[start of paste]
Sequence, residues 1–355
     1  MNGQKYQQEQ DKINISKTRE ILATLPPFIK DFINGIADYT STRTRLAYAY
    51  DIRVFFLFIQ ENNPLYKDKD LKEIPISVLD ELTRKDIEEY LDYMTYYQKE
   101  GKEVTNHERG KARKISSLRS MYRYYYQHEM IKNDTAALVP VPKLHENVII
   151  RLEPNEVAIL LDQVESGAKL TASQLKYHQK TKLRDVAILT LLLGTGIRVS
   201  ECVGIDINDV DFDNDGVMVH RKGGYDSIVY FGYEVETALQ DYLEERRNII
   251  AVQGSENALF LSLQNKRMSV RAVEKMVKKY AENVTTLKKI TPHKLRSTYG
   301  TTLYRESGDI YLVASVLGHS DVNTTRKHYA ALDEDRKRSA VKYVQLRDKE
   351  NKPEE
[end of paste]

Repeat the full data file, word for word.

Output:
Sequence, residues 1–355
     1  MNGQKYQQEQ DKINISKTRE ILATLPPFIK DFINGIADYT STRTRLAYAY
    51  DIRVFFLFIQ ENNPLYKDKD LKEIPISVLD ELTRKDIEEY LDYMTYYQKE
   101  GKEVTNHERG KARKISSLRS MYRYYYQHEM IKNDTAALVP VPKLHENVII
   151  RLEPNEVAIL LDQVESGAKL TASQLKYHQK TKLRDVAILT LLLGTGIRVS
   201  ECVGIDINDV DFDNDGVMVH RKGGYDSIVY FGYEVETALQ DYLEERRNII
   251  AVQGSENALF LSLQNKRMSV RAVEKMVKKY AENVTTLKKI TPHKLRSTYG
   301  TTLYRESGDI YLVASVLGHS DVNTTRKHYA ALDEDRKRSA VKYVQLRDKE
   351  NKPEE